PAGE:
The protest in front of the Presidential Secretariat soon turned into a model village called "Gotagogama" (Go Gota Village). While the protests were peaceful, police fired tear gas at the protestors and assaulted them in an attempt to stifle the protests. There were artworks lined up,medical camps, IT support stations, community libraries, all at one place, as if the people were reimagining every system that existed. 

Every morning we could see our friends and colleagues plan and participate in rallies and protests. We made posters and stood with them with affirmations "Take back our power", "We are our own leaders" being pasted across the streets. There was hopelessness, but also the will to dismantle the system.

These photographs were taken as part of the first wave of protests that broke out. Much happened after that. A few months later, in June, the people marched into the President's house and took over, watered his plants, picnic-ed in his lawns, slept in his bed, made memes as protest. The government changed, the village was taken down, more protestors and activists arrested, mysteriously disappeared. Gota Go Gama didn't exist anymore.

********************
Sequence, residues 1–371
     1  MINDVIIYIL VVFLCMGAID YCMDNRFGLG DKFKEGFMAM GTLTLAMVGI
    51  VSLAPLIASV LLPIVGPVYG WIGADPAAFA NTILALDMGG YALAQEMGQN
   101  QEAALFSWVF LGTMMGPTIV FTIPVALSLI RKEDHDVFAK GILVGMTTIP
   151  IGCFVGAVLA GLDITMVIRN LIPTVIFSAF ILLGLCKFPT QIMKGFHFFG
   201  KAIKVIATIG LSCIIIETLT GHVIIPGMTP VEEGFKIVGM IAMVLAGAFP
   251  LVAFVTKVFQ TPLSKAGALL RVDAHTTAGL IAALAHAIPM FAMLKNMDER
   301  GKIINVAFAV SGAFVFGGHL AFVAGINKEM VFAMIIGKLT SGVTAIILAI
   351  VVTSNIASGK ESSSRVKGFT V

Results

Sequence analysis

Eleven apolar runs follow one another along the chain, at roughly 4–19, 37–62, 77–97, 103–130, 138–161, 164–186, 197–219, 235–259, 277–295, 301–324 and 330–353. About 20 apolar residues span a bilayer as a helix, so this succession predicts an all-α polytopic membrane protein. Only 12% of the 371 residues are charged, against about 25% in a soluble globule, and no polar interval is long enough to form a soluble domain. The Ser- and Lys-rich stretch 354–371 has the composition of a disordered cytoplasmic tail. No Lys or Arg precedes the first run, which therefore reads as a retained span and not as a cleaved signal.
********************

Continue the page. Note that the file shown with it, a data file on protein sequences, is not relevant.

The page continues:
When work took me to Colombo again, later that year, I saw no big protests. Shoulders carrying hopelessness, eyes filled with broken dreams, a lot of perseverance. People are struggling to get back to "normal". The new guard is no better. It has tried every tactic to crack down on anti-government movements. The real causes of the crisis are yet to be solved. Sri Lanka still awaits an IMF bailout and assurances from China and India while the struggle of people will continue.